Post-Covid, there are too many unknowns for suppliers to price them accurately, so they are doing everything possible to de-risk contracts. Credit requirements are going up and some suppliers are not pricing for certain industries without an upfront deposit or a significant price premium…”

-Chris Hurcombe, CEO of Catalyst Commercial Services

Currently, fixed-price contracts levy a 10% price premium compared to their flexible counterparts. Additionally, Hurcombe has predicted a 15-17% rise in 2021,  continuing to 20% the following year.

Non-commodity costs, expected to climb in the near future, now represent the lion’s share of energy bills. As such, they represent the largest risk factor for end-users/client procurement budgets. These ‘fixed’ contracts, which allow suppliers to pass through additional energy charges, may hold a costly surprise for the firms taking part.

Help on the inside

Fortunately, flexible contracts, which EIC specialises in procuring, offer means to reduce or avoid some of these charges. They also afford adaptability in a changing commercial landscape. As volume consumption forecast becomes difficult and budget certainty key for the survival of companies, flexibility will become crucial.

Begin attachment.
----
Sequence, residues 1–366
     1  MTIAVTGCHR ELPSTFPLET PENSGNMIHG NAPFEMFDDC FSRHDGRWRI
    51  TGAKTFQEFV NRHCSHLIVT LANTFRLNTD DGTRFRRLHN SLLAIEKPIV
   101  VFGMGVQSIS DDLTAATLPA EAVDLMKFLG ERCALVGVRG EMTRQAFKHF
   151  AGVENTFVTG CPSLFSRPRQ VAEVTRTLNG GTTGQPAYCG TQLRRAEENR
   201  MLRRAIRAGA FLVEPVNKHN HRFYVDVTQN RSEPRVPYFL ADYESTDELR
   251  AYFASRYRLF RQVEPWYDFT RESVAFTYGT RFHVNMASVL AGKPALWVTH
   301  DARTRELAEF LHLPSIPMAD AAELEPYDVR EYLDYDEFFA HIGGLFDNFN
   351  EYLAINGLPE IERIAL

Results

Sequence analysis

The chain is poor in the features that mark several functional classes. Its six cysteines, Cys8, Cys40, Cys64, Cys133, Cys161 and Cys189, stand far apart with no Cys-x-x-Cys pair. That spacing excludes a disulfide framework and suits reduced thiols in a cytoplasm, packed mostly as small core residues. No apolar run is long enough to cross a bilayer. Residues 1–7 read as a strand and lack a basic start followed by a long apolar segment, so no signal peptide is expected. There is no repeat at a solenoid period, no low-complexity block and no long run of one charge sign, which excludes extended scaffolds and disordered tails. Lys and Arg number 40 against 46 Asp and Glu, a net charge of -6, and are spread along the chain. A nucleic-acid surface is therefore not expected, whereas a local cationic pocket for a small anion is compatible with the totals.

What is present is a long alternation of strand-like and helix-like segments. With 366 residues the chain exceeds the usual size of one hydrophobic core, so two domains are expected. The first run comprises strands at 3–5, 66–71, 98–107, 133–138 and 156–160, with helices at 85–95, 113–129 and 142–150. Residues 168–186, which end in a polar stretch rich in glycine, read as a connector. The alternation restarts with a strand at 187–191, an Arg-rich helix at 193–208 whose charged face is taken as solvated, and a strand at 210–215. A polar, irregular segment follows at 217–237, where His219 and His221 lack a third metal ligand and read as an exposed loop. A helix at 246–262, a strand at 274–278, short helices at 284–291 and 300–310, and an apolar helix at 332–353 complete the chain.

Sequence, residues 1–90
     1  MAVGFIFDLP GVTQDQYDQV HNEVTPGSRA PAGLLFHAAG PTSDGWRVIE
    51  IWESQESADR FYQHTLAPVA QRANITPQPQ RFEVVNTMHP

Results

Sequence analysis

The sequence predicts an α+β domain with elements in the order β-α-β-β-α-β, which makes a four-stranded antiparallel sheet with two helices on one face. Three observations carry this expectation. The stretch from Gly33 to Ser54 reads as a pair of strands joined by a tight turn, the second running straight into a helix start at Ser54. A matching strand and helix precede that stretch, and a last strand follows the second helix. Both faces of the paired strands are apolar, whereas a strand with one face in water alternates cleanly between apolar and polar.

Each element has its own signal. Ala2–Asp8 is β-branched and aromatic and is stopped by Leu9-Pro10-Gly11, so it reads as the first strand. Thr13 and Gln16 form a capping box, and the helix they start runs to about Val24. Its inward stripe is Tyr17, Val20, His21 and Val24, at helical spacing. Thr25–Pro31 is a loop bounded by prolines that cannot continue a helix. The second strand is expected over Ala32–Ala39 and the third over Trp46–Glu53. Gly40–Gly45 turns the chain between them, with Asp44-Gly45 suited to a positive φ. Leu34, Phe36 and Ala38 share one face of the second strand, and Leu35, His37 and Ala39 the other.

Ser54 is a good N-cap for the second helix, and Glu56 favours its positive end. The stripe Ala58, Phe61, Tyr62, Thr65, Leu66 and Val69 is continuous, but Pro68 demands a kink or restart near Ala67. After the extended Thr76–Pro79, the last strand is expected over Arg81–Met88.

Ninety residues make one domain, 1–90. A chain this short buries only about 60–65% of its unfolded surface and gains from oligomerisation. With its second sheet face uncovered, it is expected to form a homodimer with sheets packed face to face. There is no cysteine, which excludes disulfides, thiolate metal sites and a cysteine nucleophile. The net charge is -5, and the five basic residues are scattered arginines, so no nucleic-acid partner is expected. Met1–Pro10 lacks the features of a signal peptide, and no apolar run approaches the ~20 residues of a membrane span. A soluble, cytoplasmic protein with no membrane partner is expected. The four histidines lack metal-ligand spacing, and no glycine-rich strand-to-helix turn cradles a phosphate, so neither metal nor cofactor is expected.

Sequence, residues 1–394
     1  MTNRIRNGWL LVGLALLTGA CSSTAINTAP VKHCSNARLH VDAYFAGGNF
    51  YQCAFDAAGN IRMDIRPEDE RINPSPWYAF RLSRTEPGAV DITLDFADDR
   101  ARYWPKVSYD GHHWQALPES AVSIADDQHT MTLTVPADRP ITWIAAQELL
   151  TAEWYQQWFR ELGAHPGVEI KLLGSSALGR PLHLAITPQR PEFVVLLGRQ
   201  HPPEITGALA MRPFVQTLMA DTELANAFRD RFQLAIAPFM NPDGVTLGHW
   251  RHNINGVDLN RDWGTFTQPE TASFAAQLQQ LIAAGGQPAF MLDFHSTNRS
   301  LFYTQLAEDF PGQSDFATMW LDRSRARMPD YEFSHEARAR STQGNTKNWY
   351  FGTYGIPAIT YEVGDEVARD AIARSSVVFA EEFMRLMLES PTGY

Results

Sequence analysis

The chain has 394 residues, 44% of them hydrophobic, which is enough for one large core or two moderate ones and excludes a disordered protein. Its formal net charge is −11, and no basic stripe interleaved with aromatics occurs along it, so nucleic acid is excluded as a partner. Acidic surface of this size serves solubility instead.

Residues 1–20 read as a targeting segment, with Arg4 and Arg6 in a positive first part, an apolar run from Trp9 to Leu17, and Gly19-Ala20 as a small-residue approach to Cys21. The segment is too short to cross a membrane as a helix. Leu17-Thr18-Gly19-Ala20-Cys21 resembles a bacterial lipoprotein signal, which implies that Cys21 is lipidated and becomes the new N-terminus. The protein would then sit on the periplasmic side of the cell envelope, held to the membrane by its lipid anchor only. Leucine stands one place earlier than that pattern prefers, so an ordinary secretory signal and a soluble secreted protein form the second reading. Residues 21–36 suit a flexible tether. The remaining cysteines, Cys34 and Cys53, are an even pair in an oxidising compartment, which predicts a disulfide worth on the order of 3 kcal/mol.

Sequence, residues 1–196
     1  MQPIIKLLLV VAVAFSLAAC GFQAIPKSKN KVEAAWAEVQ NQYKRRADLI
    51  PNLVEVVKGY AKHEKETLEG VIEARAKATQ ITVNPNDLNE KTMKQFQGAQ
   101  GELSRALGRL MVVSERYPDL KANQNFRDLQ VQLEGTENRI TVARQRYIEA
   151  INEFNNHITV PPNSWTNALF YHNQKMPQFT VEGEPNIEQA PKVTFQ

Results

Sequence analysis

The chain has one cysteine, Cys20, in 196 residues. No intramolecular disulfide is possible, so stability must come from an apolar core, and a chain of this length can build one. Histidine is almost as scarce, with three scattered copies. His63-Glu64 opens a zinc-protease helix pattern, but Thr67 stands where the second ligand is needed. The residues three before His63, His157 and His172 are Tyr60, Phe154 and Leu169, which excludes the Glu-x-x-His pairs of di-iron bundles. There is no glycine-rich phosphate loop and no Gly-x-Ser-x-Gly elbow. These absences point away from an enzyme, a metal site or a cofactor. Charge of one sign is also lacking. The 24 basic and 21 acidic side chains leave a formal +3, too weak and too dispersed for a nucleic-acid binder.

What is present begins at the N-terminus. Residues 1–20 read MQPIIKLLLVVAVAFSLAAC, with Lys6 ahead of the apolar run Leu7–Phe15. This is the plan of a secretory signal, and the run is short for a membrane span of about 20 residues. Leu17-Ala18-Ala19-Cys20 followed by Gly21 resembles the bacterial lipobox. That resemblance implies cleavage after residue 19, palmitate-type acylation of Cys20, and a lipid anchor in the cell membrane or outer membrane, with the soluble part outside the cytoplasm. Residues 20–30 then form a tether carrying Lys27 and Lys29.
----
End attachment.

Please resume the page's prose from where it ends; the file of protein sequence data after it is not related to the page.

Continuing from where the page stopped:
The UK commercial and industrial sectors consume 185TWh annually, approximately £27bn worth, so the potential savings here are gargantuan. Savings of such magnitude can’t be ignored in an economy approaching its deepest recession since 2008’s financial-crisis.

EIC can secure you a flexible energy contract to take advantage of these savings. The key markers that EIC looks for when engaging suppliers include contract features and functionality, transparency around price fixing mechanism and competitiveness of the supplier’s account management fee.

Using these criteria means EIC can effectively guide your market position despite the fluctuations that a post-COVID future promises.

Existing EIC clients were collectively under budget to the tune of £65.7m between 2014 and 2018 for electricity and gas. One pharmaceutical client enjoyed 78% in annual savings over a 36 month period.

Further information on how to recruit EIC’s expertise into your negotiations can be found at the EIC solutions page.